And that’s always been the plan, Cavanagh emphasized: to replace Diablo Canyon energy with more environmentally-friendly sources. Closing the plant’s doors in 2025 shouldn’t stress the state’s electricity supplies, he said.

“The governor’s concern about system reliability is totally understandable, but it was very much part of the planning for the retirement and replacement of Diablo Canyon,” Cavanagh told me. “This is a decision that, from our perspective, has been made. It’s not an open case.”

Elizabeth Dillender, left, and her daughter, Kristin, at home in Texas. In December, Ms. Dillender’s son, Kade Webb, bought counterfeit Percocet through a dealer on Snapchat and died of fentanyl poisoning.Credit…Brandon Thibodeaux for The New York Times

If you read one story, make it this

Fentanyl tainted pills bought on TikTok, Snapchat and other apps are causing drug deaths to soar.

“Social media is almost exclusively the way they get the pills,” said Morgan Gire, the district attorney for Placer County, where 40 people died from fentanyl poisoning last year.

Former Gov. Jerry Brown with the president pro tem of the State Senate, Toni Atkins, who was one of the authors of a bill requiring public companies to have women on their boards.Credit…Rich Pedroncelli/Associated Press

The rest of the news

  • Gender diversity law: California will appeal a ruling that struck down a law requiring public companies to have women on their boards of directors.

  • Can’t qualify for in-state tuition: Gaps in California law mean that some undocumented students and visa holders don’t get in-state tuition, even if they have lived in the state for more than a decade, CalMatters reports.

  • Voting guidance: Here’s what Californians should do if a candidate they have already voted for withdraws from the race, LAist reports.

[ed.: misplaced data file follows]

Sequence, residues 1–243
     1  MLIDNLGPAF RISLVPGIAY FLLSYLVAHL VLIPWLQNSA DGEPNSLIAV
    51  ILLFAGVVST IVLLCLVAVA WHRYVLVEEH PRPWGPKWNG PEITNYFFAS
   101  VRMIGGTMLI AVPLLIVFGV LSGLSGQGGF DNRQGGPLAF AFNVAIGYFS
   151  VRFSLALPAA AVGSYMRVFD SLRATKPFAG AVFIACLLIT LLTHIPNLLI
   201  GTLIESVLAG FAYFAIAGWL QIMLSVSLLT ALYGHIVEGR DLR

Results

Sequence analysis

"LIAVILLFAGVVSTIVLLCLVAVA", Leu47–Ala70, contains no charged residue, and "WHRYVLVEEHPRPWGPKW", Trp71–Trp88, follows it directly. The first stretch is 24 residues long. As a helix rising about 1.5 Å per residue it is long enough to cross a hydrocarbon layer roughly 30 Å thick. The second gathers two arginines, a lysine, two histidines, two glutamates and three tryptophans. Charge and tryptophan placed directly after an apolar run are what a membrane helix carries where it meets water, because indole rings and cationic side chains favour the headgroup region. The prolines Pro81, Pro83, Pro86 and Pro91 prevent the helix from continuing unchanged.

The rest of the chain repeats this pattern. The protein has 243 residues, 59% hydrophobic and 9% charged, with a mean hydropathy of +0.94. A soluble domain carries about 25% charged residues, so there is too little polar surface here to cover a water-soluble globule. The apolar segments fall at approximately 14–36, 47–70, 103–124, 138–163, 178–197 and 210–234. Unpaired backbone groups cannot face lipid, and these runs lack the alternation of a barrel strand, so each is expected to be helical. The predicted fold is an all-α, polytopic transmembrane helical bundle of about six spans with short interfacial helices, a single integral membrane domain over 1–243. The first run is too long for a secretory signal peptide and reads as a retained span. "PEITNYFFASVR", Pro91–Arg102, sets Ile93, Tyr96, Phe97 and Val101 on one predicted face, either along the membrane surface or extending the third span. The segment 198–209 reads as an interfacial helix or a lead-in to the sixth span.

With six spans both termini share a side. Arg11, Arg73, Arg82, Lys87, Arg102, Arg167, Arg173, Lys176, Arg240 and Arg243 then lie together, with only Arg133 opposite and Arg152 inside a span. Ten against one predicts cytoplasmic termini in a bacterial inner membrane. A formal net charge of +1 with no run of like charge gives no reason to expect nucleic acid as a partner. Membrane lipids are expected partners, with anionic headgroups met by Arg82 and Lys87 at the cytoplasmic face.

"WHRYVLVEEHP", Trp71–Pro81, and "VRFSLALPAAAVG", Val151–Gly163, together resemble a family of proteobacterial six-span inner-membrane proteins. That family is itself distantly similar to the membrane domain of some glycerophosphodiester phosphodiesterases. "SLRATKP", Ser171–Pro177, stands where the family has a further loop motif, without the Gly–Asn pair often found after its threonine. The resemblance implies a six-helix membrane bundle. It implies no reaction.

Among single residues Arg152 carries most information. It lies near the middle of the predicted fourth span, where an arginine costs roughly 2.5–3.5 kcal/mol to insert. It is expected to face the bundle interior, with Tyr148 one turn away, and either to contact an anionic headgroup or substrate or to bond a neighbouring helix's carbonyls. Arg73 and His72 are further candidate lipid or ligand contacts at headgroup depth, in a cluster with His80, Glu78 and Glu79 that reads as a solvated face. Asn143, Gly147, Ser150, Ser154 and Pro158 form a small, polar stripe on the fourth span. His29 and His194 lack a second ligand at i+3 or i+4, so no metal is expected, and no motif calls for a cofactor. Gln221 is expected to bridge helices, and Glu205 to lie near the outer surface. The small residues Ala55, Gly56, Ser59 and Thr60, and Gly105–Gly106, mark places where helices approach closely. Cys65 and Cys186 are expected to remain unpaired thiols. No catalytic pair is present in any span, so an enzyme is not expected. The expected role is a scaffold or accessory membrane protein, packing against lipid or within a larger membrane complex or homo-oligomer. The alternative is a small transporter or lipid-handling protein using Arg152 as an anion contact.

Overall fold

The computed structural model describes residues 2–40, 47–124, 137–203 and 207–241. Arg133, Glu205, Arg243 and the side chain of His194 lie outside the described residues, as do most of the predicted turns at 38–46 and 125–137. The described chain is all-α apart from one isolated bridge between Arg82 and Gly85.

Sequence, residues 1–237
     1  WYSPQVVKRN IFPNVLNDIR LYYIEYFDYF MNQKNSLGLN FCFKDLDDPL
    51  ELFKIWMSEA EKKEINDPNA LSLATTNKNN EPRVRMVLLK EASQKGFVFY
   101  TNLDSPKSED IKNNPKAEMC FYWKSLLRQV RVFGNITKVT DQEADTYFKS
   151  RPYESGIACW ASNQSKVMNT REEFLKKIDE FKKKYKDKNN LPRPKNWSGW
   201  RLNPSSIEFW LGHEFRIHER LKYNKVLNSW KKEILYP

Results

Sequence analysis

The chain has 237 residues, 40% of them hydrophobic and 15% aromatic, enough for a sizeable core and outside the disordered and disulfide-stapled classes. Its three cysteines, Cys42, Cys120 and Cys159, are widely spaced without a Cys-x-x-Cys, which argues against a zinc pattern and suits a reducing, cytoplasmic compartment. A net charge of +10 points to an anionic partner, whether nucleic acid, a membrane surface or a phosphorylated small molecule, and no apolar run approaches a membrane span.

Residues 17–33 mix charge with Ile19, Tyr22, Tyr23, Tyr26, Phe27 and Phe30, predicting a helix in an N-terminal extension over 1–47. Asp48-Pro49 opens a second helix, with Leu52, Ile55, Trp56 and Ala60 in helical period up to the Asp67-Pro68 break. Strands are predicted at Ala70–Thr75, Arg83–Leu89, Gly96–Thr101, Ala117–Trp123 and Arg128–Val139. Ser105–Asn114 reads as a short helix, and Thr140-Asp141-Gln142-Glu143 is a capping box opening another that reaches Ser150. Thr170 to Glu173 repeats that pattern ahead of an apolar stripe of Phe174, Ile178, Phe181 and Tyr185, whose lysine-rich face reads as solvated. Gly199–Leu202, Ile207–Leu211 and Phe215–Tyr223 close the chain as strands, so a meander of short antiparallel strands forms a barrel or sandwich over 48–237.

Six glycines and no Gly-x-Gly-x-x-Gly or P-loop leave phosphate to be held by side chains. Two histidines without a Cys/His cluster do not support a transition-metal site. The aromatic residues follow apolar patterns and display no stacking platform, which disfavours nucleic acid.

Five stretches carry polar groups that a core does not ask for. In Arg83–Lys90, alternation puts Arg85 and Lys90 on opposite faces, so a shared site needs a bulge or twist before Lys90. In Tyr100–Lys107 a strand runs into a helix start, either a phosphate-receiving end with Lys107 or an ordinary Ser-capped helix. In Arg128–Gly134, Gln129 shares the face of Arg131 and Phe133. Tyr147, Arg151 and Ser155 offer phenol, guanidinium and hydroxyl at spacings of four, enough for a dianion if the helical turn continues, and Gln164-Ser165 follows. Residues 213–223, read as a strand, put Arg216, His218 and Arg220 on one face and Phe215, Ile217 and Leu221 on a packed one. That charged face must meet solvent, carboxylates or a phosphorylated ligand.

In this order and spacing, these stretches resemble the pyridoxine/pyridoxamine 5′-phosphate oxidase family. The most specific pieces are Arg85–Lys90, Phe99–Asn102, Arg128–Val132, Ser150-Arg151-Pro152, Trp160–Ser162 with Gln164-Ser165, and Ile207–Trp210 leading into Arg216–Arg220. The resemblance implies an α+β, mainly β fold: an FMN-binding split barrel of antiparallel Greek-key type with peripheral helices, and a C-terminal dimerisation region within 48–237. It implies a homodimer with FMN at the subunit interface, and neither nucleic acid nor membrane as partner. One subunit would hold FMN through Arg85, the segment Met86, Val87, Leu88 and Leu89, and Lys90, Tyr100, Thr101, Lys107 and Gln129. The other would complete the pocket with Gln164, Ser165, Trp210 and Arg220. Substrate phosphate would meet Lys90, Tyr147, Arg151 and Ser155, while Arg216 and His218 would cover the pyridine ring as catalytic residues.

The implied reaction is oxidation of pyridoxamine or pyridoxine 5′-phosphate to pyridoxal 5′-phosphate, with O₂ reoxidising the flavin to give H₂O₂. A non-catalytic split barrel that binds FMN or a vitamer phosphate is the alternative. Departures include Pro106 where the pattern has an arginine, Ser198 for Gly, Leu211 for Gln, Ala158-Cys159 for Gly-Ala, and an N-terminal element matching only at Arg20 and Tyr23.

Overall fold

• Guns on sets: New rules about using guns while filming failed to pass the California Legislature on Thursday, The Associated Press reports.


  • Homelessness in San Diego: Results of the first homeless count in two years found that the number of people without shelter had increased 9 percent in the city of San Diego, The Los Angeles Times reports.


  • Arsonist sentenced: The man responsible for starting a fire that killed 12 California condors and seriously injured a firefighter was sentenced to 24 years in prison.

  • First Native American federal judge: Sunshine Suzanne Sykes, a member of the Navajo Nation, will be California’s first Native American federal judge, Fox 40 reports.


  • Power outage: A power outage in the Sacramento Municipal Utility District on Thursday affected 650 customers and delayed the start of California’s Legislature, The Associated Press reports.

Credit…Andrew Scrivani for The New York Times

What we’re eating

An easy white bean and avocado salad.

The Proper Hotel in downtown Los Angeles.Credit…Tanveer Badal for The New York Times

Where we’re traveling

What to eat, drink and see in Los Angeles this summer.

What we’re reading

A tale of murder, deceit and the birth of Stanford University.

Tell us

What do you want to know about California’s June primary election? Email us your questions at [email protected].

“Collective Memory,” an installation that recreates a sunny afternoon picnic, is planned for the San Ysidro Community Park.Credit…Artist rendering by Sheena Rae Dowling and Yvette Roman

And before you go, some good news

Starting tomorrow, San Diegans visiting their neighborhood parks will find not just fresh air and solace, per usual, but also a series of innovative art projects.

A city initiative known as Park Social invited local artists to transform open spaces in 28 public parks, including spaces within canyons and along the shoreline, The Los Angeles Times reports.

The art installations will be officially unveiled on Saturday and on view until Nov. 20. All are free to visit.

The goal is to reconnect the community with natural spaces after years of pandemic isolation, said Christine Jones, chief of civic arts strategies for San Diego.

“This is about bringing people together and celebrating art and parks,” Jones told The Los Angeles Times. “Reconnecting and celebrating.”

Thanks for reading. I’ll be back on Monday. Enjoy your weekend. — Soumya

P.S. Here’s today’s Mini Crossword, and a clue: They sense scents (5 letters).

Briana Scalia and Mariel Wamsley contributed to California Today. You can reach the team at [email protected].